More than a dozen people with cancer who had exhausted all treatment options are alive and cancer-free today thanks to a pioneering Canadian clinical trial of a highly personalized kind of immunotherapy. The results, presented at the 2022 Cell Therapy Transplant Canada Conference, could open the door to a new era of made-in-Canada immunotherapies for cancer.
Patients in the trial had their immune cells (T cells) removed and genetically engineered in a lab to enhance their cancer-killing ability. The souped-up immune cells, called CAR-T cells, were then infused back into the same patient.
While Health Canada has approved several commercial CAR-T therapies, access is restricted to people with just a few kinds of leukemia and lymphoma, and only if they fall into certain age ranges. Commercial CAR-T therapy is also very expensive and involves shipping cells to the United States and back.
The new trial, called Canadian-Led Immunotherapies in Cancer-01 (CLIC-01), is the first to manufacture CAR-T therapy in Canada. It uses a different kind of cell manufacturing that opens the door to less expensive and more equitable treatment.
“Canadian patients deserve access to the best cancer treatments in the world, and we need Canadian research to make this happen,” said Dr. Natasha Kekre, a scientist and hematologist at The Ottawa Hospital, associate professor at the University of Ottawa and principal investigator of CLIC-01. “We’re very excited about the preliminary results of this trial and we will be moving forward with new and exciting trials across Canada.”
Encouraging results are paving the way for more clinical trials
CLIC-01 launched in 2019 at The Ottawa Hospital and BC Cancer for patients with specific kinds of leukemia or lymphoma who had exhausted all other therapies and were given just months to live. Thirty patients have been treated so far, and 13 have had complete responses, meaning no more cancer cells can be detected in their blood. Two have partial responses and five have disease that is progressing, while nine patients have passed away from their cancer.
“Without this trial, I don’t think any of these patients would be alive today, so we are very encouraged by these results,” said Dr. Kekre. “So far, we are seeing an average progression-free survival of six months, which is very good in this patient population.”
CAR-T therapy is often associated with side effects such as cytokine release syndrome, and one patient on the CLIC trial passed away from this condition. Overall side effects among trial participants were lower than expected.
Canadian-Led Immunotherapies in Cancer (CLIC) program is expanding across the country
CLIC’s CAR-T therapy is manufactured jointly by The Ottawa Hospital’s Biotherapeutics Manufacturing Centre and BC Cancer’s Conconi Family Immunotherapy Lab. The trial is supported by BioCanRx, BC Cancer, the BC Cancer Foundation, The Ottawa Hospital Foundation, the Ontario Institute for Cancer Research, the Ottawa Regional Cancer Foundation and the Leukemia and Lymphoma Society of Canada, as well as the Ottawa Methods Centre and the Blueprint Translational Research Group. The team is now working with partners in Toronto, Winnipeg and other cities to expand CAR-T infrastructure and enable more patients to have access to innovative CLIC trials.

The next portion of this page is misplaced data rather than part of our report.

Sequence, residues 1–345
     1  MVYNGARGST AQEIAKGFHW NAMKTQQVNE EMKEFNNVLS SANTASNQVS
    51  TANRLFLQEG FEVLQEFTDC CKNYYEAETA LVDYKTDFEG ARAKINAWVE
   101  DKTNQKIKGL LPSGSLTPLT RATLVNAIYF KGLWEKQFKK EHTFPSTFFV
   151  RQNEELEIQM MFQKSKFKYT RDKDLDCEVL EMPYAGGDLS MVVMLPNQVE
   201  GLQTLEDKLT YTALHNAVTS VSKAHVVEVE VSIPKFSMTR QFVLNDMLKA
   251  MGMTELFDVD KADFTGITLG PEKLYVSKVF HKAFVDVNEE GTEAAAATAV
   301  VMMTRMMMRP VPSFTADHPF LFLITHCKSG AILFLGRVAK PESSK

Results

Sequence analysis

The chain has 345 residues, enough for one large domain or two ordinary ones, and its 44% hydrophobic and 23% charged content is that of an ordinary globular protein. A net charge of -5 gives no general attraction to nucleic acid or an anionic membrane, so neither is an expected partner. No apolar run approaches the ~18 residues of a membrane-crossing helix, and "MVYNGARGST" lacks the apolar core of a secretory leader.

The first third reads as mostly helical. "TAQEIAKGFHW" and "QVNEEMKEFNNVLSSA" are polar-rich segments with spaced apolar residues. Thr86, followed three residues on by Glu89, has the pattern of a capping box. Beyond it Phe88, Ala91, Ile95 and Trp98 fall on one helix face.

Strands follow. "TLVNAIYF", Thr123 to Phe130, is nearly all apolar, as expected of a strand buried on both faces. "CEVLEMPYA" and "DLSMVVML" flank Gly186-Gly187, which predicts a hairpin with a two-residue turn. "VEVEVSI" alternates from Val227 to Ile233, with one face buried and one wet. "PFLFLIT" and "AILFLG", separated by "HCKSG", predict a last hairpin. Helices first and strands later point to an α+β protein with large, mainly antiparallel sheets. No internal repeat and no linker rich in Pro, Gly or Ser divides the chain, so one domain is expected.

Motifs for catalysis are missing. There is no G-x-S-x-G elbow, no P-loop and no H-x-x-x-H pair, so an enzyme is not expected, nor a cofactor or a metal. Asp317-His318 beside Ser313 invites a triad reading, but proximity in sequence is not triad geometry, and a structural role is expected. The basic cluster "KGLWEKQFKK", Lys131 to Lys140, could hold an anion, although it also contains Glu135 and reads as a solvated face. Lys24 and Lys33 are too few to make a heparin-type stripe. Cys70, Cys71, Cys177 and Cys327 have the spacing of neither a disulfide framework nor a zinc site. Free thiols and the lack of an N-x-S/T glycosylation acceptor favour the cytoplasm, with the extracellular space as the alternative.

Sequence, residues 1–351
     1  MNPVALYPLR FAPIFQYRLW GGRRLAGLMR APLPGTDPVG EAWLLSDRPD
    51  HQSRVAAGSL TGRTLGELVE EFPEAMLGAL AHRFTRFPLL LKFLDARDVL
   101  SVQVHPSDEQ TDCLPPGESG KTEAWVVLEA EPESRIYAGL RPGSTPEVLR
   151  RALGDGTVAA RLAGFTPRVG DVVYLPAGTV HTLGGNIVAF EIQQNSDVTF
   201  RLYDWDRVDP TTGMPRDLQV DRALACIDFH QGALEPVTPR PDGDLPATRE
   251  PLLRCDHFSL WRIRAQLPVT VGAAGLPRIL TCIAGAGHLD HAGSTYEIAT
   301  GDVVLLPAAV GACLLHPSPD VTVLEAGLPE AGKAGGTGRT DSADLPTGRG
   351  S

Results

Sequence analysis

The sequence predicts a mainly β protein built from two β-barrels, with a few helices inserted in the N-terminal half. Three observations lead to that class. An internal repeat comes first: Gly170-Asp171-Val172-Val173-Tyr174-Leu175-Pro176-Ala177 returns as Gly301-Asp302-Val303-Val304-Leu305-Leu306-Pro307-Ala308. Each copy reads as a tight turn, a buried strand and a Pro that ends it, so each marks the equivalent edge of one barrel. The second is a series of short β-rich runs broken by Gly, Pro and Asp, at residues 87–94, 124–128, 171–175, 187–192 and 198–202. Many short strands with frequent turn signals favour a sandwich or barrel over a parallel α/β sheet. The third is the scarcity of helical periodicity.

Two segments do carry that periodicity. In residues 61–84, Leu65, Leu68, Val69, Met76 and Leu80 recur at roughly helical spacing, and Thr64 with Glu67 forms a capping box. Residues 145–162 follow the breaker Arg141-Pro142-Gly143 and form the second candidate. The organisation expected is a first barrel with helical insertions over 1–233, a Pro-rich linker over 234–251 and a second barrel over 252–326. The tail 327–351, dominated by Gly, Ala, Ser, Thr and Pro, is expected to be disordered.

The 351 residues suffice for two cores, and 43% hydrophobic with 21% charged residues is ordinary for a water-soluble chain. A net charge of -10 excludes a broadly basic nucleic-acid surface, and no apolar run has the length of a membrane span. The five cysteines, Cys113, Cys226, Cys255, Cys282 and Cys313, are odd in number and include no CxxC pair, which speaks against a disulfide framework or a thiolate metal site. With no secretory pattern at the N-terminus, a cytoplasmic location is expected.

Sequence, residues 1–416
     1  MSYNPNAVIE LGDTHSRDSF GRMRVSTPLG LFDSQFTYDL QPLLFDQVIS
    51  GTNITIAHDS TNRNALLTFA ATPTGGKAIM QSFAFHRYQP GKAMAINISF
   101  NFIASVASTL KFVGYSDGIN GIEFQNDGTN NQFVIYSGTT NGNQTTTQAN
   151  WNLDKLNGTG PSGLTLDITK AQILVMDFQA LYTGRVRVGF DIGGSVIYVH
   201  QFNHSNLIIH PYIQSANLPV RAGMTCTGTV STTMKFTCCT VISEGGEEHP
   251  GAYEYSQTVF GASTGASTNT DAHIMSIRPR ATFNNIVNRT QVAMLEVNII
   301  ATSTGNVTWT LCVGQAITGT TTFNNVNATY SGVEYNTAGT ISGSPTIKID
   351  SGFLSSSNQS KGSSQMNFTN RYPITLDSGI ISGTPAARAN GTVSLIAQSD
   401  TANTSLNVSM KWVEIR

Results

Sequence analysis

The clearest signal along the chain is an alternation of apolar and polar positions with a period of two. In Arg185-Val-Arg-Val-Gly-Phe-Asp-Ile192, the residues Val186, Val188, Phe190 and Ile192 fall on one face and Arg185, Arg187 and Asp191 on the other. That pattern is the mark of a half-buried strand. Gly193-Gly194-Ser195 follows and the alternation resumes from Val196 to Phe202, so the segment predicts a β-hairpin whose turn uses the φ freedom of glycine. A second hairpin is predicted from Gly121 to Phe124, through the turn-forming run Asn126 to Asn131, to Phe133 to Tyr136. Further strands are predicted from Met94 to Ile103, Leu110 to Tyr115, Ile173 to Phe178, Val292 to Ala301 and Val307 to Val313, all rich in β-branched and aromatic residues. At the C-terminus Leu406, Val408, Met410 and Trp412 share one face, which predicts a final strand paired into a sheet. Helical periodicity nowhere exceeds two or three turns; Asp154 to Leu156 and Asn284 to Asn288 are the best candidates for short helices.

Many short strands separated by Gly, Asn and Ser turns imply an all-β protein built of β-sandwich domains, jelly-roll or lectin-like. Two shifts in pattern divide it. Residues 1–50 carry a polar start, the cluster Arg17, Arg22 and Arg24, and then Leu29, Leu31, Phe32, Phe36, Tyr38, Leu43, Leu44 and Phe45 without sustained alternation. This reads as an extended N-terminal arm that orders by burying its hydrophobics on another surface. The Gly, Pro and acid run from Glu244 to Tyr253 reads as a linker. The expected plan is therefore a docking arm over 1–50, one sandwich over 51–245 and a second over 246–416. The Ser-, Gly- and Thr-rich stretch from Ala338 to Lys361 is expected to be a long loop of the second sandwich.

“We are delighted to work with partners across Canada to build Canadian expertise, capacity for innovation, and clinical trials in this field,” said Dr. Kevin Hay, a scientist and hematologist at BC Cancer, and co-lead investigator for CLIC-01. “We hope our research will enhance cell-based immunotherapies that can be made in Canada, as well as innovative approaches for providing these therapies throughout Canada.”
Young mother gets ‘a fighting chance’
For Camille, a 37-year-old single mother from Newmarket Ontario, CLIC-01 came just at the right time.
Camille was diagnosed with acute leukemia in January 2020. Despite many rounds of aggressive chemotherapy and a stem cell transplant, the cancer kept coming back and by March of 2021, she was out of options.
Fortunately, Camille’s cousin, who works at The Ottawa Hospital, had heard about the CLIC trial and suggested that Camille look into it. Camille was treated on [insert date] and is now cancer-free.
“I feel better than I’ve felt in a very long time,” said Camille. “Being able to drive again and take my daughter to her soccer games means the world to me. Even if the cancer comes back, this has given me precious time, and I know the research will help many others. It has given me a fighting chance.”
Patients who are interested in participating in clinical trials should speak with their cancer specialist.
See the abstract presented at the 2022 Cell Therapy Transplant Canada Conference for details (insert link).
About the Canadian-Led Immunotherapies in Cancer (CLIC) research program
The CLIC research program, established in 2016, brings researchers, clinicians and patients from across Canada together to build Canadian expertise and capacity for innovation in the promising field of cellular immunotherapy for cancer, including CAR-T therapy. The first CLIC clinical trial launched in 2019 at The Ottawa Hospital and at BC Cancer, with support from BioCanRx, BC Cancer, BC Cancer Foundation, The Ottawa Hospital Foundation, the Ontario Institute for Cancer Research, the Ottawa Regional Cancer Foundation and the Leukemia and Lymphoma Society of Canada. Core facilities and resources supporting CLIC include The Ottawa Hospital’s Biotherapeutics Manufacturing Centre, BC Cancer’s Conconi Family Immunotherapy Lab, the Ottawa Methods Centre and the Blueprint Translational Research Group. CLIC team investigators include Drs. Natasha Kekre, Harold Atkins, John Bell, Kevin Hay, Rob Holt, Brad Nelson, John Webb, Julie Nielsen, Manoj Lalu, Kednapa Thavorn, Dean Fergusson, Justin Presseau and Jen Quizi.